CINCINNATI — When it comes to their approach with Noah Syndergaard lately, the Dodgers have looked like a desperate blackjack player unable to leave the table.
Lose, bet again.
Lose, bet again.
Lose, bet yet again.
On Wednesday, that latest gamble worked out the same way as the others.
Syndergaard was rocked by the Cincinnati Reds young lineup, giving up six runs in three dismal innings. He failed to stop their running game, allowing successful steals on all four attempts.
Despite being gifted two early leads, he also couldn’t keep the Dodgers in front at Great American Ball Park, his struggles hampering the club in an 8-6 loss that was decided by Will Benson’s two-run, walk-off home run in the ninth against Evan Phillips.
“It’s just kind of hard to stop the bleeding right now,” Syndergaard said. “I’m running out of words to explain what’s going on.”
The real question now: How many more chips does the team have left to burn on their $13 million offseason signing?
The likely answer: none, at least not anytime soon.
After his team’s fourth loss in a row, manager Dave Roberts hinted that a stint on the injured list was possible for Syndergaard.
The specific reason would probably be for a blister/fingernail issue that Roberts said has dogged the right-hander.
But the larger context is that the 30-year-old former All-Star is in desperate need of a mental and physical reset, with his ERA now at 7.16 — third worst in the majors among pitchers with 50 innings — through 12 difficult starts.
“Obviously, I don’t think we can sustain this pace of performance,” Roberts said. “We’re trying to turn over all the stones and find an answer, but we can’t come up with an answer.”
Indeed, after fleeting moments of optimism early this season, Syndergaard’s recent decline has left him looking increasingly lost.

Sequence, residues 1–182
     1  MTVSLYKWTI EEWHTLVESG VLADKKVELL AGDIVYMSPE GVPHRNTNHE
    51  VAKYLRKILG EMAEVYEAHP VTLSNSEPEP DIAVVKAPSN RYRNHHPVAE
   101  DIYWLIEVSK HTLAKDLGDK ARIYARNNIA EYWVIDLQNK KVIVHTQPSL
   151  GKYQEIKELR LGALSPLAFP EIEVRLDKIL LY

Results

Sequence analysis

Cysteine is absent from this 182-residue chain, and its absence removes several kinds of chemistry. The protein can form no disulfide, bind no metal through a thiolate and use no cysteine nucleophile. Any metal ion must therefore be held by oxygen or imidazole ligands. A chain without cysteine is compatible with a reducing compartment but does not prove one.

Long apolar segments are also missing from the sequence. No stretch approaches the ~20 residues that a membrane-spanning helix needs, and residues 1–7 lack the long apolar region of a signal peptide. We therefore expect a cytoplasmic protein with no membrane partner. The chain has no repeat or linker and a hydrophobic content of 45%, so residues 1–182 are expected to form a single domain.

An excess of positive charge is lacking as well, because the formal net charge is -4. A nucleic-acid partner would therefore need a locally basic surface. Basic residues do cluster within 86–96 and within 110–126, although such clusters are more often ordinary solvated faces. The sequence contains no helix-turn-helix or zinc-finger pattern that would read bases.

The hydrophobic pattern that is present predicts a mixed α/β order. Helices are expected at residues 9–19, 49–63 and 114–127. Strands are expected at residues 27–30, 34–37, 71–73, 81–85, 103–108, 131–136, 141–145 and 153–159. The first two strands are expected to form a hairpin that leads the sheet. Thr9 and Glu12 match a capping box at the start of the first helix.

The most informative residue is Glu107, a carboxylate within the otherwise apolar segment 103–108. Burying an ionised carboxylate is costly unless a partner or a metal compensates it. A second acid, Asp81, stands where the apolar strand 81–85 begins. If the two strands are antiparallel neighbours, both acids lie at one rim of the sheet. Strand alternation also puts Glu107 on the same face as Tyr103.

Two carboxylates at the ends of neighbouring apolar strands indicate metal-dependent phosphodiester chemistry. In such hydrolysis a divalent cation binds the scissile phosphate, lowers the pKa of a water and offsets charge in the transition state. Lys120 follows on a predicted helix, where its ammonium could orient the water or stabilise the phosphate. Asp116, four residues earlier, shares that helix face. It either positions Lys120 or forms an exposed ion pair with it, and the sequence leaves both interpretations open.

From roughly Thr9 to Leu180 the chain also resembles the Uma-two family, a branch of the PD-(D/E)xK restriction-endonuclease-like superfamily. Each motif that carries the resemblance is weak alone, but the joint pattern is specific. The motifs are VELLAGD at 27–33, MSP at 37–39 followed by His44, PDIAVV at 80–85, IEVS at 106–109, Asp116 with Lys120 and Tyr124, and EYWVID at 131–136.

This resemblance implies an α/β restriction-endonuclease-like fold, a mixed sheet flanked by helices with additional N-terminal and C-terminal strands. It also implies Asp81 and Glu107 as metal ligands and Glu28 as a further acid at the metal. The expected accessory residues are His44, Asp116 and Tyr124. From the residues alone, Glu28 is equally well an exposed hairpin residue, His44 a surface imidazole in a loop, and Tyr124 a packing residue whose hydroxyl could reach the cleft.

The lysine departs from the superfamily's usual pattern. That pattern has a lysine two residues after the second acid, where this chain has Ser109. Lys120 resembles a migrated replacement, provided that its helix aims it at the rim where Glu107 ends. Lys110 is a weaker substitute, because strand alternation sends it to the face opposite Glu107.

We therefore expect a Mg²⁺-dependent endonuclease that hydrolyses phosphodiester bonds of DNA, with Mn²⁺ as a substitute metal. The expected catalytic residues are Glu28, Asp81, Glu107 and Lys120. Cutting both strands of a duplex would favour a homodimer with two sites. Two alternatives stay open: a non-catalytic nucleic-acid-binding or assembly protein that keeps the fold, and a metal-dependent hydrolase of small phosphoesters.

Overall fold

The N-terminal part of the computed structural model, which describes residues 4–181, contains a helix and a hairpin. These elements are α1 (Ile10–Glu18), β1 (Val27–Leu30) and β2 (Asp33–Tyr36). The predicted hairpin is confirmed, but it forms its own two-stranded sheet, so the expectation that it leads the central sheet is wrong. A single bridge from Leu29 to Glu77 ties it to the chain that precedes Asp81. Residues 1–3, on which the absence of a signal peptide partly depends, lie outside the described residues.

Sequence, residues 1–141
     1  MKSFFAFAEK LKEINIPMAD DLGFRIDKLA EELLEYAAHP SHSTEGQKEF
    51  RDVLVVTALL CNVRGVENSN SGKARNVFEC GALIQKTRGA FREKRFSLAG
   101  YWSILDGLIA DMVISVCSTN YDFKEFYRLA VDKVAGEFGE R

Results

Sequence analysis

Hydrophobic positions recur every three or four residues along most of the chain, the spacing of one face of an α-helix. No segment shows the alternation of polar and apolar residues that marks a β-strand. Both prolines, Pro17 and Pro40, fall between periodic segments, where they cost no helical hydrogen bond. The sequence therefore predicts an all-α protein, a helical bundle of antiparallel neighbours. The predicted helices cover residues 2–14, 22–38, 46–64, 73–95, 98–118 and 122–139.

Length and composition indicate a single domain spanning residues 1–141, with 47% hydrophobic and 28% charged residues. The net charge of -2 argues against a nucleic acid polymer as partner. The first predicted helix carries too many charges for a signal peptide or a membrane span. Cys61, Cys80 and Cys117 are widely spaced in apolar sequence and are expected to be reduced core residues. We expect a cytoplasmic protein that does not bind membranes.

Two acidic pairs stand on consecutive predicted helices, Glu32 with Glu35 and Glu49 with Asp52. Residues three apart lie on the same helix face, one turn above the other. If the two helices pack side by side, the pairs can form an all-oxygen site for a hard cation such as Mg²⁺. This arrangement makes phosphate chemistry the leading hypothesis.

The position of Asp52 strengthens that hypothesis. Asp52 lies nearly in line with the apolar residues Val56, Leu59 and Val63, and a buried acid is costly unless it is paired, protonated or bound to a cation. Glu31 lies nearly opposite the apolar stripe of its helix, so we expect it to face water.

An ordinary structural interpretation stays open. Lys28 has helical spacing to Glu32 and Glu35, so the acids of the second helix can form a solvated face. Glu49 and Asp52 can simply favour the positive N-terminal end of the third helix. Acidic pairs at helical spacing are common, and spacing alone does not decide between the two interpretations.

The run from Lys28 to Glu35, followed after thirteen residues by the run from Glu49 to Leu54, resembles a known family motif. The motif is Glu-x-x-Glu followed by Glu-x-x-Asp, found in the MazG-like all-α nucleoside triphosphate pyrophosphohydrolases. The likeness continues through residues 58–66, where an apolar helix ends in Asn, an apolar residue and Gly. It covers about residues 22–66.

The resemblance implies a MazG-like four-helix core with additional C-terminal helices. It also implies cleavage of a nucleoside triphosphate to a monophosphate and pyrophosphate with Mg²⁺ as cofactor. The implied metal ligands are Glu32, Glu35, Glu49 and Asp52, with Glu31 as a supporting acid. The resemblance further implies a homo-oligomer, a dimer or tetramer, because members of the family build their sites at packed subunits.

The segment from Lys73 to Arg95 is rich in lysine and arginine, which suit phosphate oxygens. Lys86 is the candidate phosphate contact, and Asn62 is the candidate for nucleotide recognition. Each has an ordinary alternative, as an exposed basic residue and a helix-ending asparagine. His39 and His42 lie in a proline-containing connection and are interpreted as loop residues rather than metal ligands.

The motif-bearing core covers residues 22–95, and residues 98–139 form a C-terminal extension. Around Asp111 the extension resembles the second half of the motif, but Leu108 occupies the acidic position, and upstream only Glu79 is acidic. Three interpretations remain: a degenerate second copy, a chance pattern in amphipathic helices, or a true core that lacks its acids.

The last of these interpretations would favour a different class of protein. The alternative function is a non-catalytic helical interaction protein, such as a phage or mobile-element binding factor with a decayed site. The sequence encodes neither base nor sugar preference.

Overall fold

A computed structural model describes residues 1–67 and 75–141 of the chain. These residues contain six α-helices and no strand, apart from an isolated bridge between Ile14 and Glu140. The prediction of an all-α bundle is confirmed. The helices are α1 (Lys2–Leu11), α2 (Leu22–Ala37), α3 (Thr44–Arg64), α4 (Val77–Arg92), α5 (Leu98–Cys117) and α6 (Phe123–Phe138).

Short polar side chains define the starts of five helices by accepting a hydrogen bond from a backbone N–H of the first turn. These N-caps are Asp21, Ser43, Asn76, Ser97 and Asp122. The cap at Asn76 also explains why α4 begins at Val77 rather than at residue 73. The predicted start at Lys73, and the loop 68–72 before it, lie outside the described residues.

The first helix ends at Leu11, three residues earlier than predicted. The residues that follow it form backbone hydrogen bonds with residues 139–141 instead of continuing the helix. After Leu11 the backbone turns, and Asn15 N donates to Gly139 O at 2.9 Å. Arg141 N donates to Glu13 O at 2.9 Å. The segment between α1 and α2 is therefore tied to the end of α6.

Handed a 2-0 lead after the top of the first inning, he immediately squandered it on a majestic 458-foot home run from Elly De La Cruz, the first homer for the sport’s top prospect.
With the Dodgers leading 6-2 in the third, Syndergaard stumbled again.
He gave up triples to De La Cruz and Matt McLain, each of whom scored an at-bat later. Then Tyler Stephenson knotted the score with another two-run blast, charging Syndergaard with 22 earned runs in his last 23 innings.
“The feeling I had out there was a lot better than the results,” Syndergaard said, voicing some confidence that, whenever he returns to the mound, he’ll be able to “overcome” his disastrous last couple of months.
For now, however, “I’m just not really good at getting big league hitters out,” he said. “So I’m open to whatever.”
Though the decision on Syndergaard’s next step isn’t final, all signs point to a potentially extended IL stint.
Julio Urías is expected to return from a hamstring strain Sunday, a move that will necessitate a change to the Dodgers’ rotation.
And given the promise rookie starters Bobby Miller and Michael Grove have shown, Syndergaard was already the obvious candidate to be replaced — well before mention of his blister, and what Roberts deemed a “fingernail break” that occured during Wednesday’s outing, resurfaced postgame.
“He’s going through it,” Roberts said. “He’s been going through it all year. It’s not from a lack of effort, preparation or care. But it’s just not working.”
Sydnergaard’s struggles have taken a toll on the team as well.
After watching their early leads Wednesday disappear, the Dodgers’ offense fell silent over the final six innings.
“I think there might have been a little wind out of our sail,” Roberts acknowledged. “When you feel like you’ve got momentum, and then when you give it away, not to make excuses for those guys, but I’ve been in those shoes. How many runs is enough, you know?”
The bullpen was also left to shoulder a heavy burden, managing to pitch five scoreless innings — including two perfect frames from debuting right-hander Nick Robertson — before Phillips missed his spot with a cutter in the ninth.
“I don’t know if I’ve missed that bad in that kind of moment before,” Phillips said.
Still, it was Syndergaard’s failures that loomed largest on the night, and continued to underline the pitching problems.
Finally, it seems like the team is ready to stand up and, if not move on, at least shift the right-hander to the sideline for the time being — an implicit concession that, to this point, his acquisition has been a total bust.
“I’m going to talk to the trainer, and we’ll figure out what’s the best course of action for Noah on the physical side,” Roberts said. “For the emotional side, certainly it’s weighing very heavily on him.”
Rojas exits early
Miguel Rojas left Wednesday’s game because of neck tightness that Roberts said he has been battling the last several days. The shortstop will sit Thursday, according to the manager, and be reassessed going into the team’s trip to Philadelphia this weekend.